Also during this period, women began telling about their lives through a wide variety of venues. The Free University Courses organized by Meredith McElroy, Ann Gallmeyer, and others at New Orleans Public Library offered one place for such expression (exhibit items 32 and 52). Various womens centers around the city (Felicity Street, Willow Street, Jackson Avenue, Saratoga Street and others), the Womens Building (partially funded by the city), and womens coffeehouses offered other such places (exhibit items 36 and 38).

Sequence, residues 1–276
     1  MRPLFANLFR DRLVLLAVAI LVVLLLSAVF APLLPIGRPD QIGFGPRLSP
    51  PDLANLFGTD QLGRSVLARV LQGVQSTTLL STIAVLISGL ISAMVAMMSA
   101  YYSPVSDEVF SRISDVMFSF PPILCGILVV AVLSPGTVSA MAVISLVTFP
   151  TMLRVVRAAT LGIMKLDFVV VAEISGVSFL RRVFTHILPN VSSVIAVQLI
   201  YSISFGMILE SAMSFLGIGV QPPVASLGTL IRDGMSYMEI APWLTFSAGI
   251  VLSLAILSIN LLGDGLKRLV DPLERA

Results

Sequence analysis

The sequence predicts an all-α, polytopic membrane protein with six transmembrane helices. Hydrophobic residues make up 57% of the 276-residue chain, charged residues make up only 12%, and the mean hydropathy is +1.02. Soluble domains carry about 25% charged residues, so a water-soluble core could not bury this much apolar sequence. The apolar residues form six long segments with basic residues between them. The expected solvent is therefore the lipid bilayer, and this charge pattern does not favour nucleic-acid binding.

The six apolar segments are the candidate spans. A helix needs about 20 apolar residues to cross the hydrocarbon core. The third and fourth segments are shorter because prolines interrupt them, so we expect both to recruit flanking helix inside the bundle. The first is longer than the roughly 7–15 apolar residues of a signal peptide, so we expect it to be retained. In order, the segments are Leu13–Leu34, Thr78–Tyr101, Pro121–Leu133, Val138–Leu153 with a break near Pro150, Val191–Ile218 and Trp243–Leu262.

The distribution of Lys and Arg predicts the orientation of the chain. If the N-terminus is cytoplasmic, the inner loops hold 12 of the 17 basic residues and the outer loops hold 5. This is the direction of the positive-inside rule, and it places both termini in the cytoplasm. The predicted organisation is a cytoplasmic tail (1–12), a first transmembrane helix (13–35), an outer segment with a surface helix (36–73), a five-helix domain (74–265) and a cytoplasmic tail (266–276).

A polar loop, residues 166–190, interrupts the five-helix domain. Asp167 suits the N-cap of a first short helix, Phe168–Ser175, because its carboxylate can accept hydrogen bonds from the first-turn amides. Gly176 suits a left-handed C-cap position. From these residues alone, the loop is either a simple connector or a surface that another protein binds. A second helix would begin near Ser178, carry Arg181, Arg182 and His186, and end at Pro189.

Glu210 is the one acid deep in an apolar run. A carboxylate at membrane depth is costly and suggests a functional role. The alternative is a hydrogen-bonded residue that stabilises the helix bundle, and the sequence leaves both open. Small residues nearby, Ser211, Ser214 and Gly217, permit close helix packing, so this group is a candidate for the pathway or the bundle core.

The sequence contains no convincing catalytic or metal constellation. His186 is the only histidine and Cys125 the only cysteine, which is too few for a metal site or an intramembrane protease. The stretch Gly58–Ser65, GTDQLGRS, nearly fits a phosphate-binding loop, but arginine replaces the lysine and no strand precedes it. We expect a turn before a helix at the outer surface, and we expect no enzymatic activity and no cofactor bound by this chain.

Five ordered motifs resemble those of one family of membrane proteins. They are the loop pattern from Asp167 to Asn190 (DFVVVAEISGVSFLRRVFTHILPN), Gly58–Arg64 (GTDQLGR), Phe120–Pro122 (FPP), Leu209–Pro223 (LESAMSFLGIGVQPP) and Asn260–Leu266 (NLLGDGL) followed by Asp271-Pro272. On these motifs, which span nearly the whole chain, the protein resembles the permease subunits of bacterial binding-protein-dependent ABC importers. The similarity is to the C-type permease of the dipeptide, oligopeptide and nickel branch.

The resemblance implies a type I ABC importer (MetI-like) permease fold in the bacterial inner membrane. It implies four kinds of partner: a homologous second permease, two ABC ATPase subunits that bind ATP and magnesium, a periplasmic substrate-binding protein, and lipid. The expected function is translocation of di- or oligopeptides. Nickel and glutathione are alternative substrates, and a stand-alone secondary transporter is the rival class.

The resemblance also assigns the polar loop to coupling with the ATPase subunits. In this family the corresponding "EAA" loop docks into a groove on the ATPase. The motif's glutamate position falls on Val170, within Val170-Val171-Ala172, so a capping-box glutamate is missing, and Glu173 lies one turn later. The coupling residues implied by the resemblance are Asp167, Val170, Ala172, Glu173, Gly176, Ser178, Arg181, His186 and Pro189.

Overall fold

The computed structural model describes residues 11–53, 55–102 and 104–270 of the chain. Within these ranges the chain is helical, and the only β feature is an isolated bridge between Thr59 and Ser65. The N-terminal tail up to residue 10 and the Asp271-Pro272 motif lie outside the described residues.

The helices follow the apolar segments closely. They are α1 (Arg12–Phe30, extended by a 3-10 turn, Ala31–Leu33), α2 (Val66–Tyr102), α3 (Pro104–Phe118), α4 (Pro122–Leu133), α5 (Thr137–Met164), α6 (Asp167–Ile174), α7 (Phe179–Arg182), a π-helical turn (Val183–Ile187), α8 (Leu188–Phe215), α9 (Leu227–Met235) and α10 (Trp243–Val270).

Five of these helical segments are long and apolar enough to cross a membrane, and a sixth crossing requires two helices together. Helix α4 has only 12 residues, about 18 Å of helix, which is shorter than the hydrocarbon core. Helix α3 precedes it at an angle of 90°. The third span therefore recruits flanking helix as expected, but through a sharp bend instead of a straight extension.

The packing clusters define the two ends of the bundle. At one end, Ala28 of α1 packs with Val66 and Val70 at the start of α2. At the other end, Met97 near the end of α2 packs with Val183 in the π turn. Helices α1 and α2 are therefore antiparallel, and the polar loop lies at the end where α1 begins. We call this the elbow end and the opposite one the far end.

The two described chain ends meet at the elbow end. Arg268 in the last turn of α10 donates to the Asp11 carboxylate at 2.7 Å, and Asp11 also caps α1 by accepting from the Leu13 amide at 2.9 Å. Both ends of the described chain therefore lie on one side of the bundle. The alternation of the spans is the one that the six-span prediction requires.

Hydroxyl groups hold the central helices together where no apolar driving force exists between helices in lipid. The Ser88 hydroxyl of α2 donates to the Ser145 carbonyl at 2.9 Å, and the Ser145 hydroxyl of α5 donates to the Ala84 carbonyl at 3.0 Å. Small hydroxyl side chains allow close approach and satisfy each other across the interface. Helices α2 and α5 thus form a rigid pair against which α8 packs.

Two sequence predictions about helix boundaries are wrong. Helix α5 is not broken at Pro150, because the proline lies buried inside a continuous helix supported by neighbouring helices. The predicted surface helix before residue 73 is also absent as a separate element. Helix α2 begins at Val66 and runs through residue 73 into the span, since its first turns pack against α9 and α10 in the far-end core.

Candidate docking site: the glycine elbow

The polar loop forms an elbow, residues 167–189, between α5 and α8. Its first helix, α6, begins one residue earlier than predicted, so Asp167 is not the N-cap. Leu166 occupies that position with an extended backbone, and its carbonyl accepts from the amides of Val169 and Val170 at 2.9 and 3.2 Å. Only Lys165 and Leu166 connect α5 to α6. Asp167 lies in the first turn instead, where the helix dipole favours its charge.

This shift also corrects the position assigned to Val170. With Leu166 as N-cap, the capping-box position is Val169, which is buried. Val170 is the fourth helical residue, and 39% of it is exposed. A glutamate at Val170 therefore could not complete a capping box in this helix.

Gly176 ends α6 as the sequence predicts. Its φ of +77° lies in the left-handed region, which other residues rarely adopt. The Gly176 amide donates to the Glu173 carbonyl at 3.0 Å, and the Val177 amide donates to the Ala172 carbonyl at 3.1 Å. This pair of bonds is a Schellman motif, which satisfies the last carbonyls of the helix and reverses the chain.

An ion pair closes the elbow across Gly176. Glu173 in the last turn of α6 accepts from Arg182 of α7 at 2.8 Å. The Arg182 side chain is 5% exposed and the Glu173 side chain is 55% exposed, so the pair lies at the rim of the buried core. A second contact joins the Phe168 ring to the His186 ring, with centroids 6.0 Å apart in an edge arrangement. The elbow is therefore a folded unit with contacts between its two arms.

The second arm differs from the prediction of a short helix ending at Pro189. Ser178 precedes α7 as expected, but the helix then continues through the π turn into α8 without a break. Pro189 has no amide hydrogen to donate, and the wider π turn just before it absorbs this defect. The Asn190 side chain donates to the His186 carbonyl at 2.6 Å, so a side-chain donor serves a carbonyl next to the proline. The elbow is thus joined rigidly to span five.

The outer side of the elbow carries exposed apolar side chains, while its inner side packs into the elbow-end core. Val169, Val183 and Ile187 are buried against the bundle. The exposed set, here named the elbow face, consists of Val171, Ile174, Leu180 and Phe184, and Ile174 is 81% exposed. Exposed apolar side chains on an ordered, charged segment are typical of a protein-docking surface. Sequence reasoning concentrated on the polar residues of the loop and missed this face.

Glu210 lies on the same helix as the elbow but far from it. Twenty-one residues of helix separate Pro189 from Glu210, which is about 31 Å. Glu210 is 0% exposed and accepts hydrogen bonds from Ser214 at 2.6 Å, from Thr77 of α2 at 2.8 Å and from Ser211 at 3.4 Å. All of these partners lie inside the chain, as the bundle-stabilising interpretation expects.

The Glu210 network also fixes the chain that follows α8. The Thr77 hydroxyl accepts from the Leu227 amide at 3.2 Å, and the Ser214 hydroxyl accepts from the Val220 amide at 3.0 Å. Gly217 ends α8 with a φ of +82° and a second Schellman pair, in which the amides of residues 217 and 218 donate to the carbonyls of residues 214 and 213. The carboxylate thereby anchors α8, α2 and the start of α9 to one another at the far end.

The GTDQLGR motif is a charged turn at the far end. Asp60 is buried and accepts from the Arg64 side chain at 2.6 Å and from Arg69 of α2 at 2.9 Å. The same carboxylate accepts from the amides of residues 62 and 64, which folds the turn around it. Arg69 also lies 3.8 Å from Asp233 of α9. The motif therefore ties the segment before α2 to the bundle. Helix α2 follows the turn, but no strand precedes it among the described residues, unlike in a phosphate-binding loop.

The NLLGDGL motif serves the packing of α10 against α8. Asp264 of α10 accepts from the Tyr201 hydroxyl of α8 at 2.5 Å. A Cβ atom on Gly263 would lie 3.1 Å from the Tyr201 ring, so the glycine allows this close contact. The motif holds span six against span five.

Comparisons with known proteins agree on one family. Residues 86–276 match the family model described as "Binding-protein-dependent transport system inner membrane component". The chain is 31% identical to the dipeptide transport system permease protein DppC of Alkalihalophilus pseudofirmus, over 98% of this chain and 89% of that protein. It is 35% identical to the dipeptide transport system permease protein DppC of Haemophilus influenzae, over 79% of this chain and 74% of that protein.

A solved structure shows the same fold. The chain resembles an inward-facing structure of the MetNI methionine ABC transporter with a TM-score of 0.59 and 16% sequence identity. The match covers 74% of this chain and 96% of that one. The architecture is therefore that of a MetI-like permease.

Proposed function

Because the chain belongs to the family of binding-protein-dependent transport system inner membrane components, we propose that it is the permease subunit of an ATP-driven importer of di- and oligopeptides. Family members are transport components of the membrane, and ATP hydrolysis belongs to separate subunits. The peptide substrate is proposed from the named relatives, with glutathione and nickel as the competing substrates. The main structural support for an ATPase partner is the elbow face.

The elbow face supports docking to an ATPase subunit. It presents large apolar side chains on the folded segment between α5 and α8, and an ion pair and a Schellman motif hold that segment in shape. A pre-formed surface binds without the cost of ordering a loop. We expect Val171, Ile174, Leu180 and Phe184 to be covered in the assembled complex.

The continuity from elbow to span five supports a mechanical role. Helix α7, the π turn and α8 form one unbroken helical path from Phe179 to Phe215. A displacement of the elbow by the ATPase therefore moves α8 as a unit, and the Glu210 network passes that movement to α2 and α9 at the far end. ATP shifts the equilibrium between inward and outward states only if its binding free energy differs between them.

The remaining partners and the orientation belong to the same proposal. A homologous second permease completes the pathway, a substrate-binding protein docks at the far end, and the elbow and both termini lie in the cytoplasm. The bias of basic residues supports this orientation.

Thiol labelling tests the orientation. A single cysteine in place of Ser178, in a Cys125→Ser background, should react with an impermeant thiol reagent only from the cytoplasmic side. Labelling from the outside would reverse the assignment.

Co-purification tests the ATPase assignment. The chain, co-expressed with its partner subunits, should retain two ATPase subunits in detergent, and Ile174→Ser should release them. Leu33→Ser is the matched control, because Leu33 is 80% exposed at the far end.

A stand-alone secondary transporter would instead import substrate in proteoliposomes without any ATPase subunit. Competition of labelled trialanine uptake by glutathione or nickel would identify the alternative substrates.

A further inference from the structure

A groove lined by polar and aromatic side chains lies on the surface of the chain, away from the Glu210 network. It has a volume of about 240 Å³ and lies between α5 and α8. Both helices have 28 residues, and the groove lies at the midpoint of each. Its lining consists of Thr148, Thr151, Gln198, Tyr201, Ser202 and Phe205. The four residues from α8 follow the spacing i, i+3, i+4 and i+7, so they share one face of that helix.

Womens Studies courses were designed during this period, responding to the fact that most academic courses looked at the lives of white men. Women were a footnote if mentioned at all in countless books. The members of the Atlantis Commune, the Newcomb Womens Center, and the various local womens centers were among the few places where books on the lives of women could be found at all (items 22 and 39). In 1975 when the New Orleans commune Atlantis began book distribution, selected titles included Opening the Medical Profession to Women, My Mother the Mail Carrier, Drug Manufacture for Fun and Profit, and Dancing on the Grave of an S.O.B. The great disparity among the subjects of these books (exhibit item 31) reflected upon the overall period as one of intense experimentation, questioning, and indeed revolution. The early titles of the Newcomb Womens Center reflected the acquisition of many reprinted and out-of-print editions on the history of women. Vaughn Baker at the University of Louisiana in Lafayette wrote persuasively about the neglected but rich history of Louisiana women, and highlighted the need to collect manuscripts, as well as to locate the papers of women usually located under a male name in library catalogs. Women scholars such as Pam Tyler, Elna Green, and Livia Baker began research on the lives of women including three of the founding members of the Independent Womens Organization (exhibit item 42) and civil rights workers in Louisiana. Emily Toth, Barbara Ewell, and others began impressive work on Kate Chopin and other long neglected literary writers.